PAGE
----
All of our production clariions are configured with two large tiered storage pools, one for LUNs on SPA and one for LUNs on SPB. When storage is created on a server, two identical LUNs are created (one in each pool) and are striped at the host level. I do it that way to more evenly balance the load on the storage processors.
I’ve noticed that LUNs will occassionally trespass to the other SP. In order to keep the SP’s balanced how I want them, I will routinely check and trespass them back to their default owner. Our naming convention for LUNs includes the SP that the LUN was initially configured to use, as well as the pool ID, server name, filesystem/drive letter, last four digits of serial number, and size. Having all of this information in the LUN name makes for very easy reporting. Having the default SP in the LUN name is required for this script to work as written.
Here’s what our LUN names looks like: P1_LUN100_SPA_0000_servername_filesystem_150G
To quickly check on the status of any mismatched LUNs every morning, I created a script that generates a daily report. The script first creates output files that list all of the LUNs on each SP, then uses simple grep commands to output only the LUNs whose SP designation in the name does not match the current owner. The csv output files are then parsed by the csv2html perl script, which converts the csv into easy to read HTML files that are automatically posted on our intranet web site. The csv2html perl script is from http://www.jpsdomain.org/source/perl.html and is under a GNU General Public License. Note that this script is designed to run in unix. It can be run using cygwin installed on a Windows server if you don’t have access to a unix based server.
Here’s the shell script (I have one for each clariion/VNX):
naviseccli -h clariion_hostname getlun -name -owner |grep -i name > /reports/sp/lunname.out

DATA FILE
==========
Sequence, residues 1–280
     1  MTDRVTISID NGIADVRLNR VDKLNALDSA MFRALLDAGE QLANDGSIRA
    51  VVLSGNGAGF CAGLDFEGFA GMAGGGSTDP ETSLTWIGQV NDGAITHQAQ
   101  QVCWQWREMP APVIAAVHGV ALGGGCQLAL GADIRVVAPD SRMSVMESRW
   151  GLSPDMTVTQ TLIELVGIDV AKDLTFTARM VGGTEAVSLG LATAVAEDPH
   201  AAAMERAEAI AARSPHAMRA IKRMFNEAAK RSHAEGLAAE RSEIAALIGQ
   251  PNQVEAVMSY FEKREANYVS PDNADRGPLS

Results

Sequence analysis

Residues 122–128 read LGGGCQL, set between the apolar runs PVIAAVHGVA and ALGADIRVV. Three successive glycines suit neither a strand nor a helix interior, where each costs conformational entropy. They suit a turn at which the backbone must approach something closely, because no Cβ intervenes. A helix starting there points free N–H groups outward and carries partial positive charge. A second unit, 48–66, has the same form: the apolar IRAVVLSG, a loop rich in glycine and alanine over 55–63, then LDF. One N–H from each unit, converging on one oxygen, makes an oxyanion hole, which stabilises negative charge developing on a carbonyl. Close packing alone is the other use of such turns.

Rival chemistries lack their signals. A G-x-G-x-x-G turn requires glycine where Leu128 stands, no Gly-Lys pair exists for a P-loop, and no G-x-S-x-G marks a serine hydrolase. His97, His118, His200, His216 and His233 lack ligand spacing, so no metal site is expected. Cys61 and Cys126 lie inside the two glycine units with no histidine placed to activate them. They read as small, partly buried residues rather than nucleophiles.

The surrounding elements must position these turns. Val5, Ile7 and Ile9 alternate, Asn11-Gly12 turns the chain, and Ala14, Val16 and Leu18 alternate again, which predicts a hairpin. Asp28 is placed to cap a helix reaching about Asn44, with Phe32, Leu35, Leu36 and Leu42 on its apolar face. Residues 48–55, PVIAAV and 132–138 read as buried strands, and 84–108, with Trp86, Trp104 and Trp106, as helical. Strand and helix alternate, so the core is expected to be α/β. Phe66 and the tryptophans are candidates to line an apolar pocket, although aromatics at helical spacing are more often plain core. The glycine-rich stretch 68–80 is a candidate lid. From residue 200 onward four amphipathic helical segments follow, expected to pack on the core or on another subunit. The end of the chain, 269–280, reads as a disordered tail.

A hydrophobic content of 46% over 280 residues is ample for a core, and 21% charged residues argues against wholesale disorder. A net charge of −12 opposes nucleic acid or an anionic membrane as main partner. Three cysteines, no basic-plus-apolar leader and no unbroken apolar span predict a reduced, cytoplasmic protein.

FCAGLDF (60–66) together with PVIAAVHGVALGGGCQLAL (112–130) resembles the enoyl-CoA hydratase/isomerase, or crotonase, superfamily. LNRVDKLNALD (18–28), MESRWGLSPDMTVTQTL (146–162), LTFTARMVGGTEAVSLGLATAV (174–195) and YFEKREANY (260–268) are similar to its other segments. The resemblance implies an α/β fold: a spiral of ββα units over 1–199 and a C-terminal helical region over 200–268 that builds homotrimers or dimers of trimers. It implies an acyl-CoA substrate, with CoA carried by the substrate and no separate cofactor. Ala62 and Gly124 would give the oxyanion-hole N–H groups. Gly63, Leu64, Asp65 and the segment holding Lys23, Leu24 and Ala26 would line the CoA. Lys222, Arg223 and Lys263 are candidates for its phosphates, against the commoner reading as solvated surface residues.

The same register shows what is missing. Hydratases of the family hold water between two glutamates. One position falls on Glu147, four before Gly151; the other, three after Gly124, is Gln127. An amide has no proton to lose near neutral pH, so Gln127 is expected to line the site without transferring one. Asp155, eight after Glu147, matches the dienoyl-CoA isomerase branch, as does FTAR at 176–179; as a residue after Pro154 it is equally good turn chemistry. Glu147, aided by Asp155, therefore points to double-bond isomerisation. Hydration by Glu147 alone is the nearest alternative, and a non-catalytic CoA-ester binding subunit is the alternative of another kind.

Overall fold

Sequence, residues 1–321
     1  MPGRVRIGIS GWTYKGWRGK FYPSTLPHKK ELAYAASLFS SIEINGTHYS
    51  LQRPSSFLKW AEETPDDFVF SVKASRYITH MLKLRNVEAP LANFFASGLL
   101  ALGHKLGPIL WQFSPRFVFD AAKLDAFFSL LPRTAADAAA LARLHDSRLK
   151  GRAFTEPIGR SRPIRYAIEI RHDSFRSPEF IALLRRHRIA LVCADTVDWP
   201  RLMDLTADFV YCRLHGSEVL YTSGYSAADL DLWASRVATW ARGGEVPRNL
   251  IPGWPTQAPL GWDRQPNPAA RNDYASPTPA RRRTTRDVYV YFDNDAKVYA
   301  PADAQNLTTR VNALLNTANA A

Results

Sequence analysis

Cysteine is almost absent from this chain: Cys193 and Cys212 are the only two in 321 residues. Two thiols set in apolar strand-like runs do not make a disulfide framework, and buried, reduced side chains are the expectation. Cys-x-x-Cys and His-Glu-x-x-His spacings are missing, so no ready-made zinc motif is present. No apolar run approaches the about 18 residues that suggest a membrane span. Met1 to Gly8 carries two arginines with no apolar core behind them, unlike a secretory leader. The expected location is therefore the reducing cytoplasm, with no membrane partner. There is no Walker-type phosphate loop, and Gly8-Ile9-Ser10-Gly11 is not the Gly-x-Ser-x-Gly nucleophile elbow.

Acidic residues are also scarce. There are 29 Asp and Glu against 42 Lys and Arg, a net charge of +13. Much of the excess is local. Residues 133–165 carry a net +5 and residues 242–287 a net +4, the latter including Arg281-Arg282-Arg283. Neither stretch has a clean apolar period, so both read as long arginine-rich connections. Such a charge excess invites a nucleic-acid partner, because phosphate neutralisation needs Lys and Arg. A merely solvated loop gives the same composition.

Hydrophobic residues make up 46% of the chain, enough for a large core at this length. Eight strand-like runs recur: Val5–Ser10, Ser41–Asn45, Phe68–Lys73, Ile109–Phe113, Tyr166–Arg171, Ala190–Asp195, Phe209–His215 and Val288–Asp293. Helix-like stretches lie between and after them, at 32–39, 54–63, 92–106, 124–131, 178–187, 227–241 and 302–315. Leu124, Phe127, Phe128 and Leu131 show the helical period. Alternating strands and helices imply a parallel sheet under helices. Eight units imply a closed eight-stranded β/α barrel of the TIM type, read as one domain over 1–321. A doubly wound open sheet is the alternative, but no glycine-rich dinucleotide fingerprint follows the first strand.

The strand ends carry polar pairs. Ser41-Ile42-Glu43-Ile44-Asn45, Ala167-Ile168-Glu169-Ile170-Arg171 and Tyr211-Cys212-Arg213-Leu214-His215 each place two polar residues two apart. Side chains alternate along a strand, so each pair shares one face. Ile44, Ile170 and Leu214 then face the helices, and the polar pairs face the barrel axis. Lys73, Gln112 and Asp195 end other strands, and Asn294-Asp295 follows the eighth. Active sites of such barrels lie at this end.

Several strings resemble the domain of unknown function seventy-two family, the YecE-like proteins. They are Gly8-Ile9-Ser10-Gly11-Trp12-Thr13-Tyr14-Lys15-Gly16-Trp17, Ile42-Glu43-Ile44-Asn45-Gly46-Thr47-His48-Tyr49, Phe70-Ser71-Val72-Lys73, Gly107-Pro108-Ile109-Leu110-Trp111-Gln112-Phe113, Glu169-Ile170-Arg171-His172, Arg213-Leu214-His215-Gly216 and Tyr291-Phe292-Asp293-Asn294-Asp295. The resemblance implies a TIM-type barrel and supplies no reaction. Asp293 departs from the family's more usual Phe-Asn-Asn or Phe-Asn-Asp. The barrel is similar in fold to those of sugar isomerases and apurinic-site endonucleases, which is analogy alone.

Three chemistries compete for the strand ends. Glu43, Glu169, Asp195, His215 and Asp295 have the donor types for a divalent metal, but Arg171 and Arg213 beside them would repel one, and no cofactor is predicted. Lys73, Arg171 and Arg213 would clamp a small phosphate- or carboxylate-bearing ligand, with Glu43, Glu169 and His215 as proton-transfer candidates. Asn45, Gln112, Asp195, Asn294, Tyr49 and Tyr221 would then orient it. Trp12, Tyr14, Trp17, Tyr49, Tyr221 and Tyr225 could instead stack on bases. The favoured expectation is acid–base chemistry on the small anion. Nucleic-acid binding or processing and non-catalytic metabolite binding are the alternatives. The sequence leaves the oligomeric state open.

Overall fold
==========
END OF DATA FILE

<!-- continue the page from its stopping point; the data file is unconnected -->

naviseccli -h clariion_hostname getlun -name -owner |grep -i current > /reports/sp/currentsp.out
paste -d , /reports/sp/lunname.out /reports/sp/currentsp.out > /reports/sp/clariion_hostname.spowner.csv
./csv2htm.pl -e -T -i /reports/sp/clariion_hostname.spowner.csv -o /reports/sp/clariion_hostname.spowner.html
#Determine SP mismatches between LUNs and SPs, output to separate files
cat /reports/sp/clariion_hostname.spowner.csv | grep 'SP B' > /reports/sp/clariion_hostname_spb.csv
grep SPA /reports/sp/clariion_hostname_spb.csv > /reports/sp/clariion_hostname_spb_mismatch.csv
cat /reports/sp/clariion_hostname.spowner.csv | grep 'SP A' > /reports/sp/clariion_hostname_spa.csv
grep SPB /reports/sp/clariion_hostname_spa.csv > /reports/sp/clariion_hostname_spa_mismatch.csv
#Convert csv output files to HTML for intranet site
./csv2htm.pl -e -d -T -i /reports/sp/clariion_hostname_spa_mismatch.csv -o /reports/sp/clariion_hostname_spa_mismatch.html
./csv2htm.pl -e -d -T -i /reports/sp/clariion_hostname_spb_mismatch.csv -o /reports/sp/clariion_hostname_spb_mismatch.html
The output files look like this (clariion_hostname_spa_mismatch.html from the script):
Name: P1_LUN100_SPA_0000_servername_filesystem1_150G Current Owner: SPB
Name: P1_LUN101_SPA_0000_servername_filesystem2_250G Current Owner: SPB
Name: P1_LUN102_SPA_0000_servername_filesystem3_350G Current Owner: SPB
Current Owner: SPB
Current Owner: SPB
The 0000 represents the last four digits of the serial number of the Clariion.
That’s it, a quick and easy way to report on trespassed LUNs in our environment.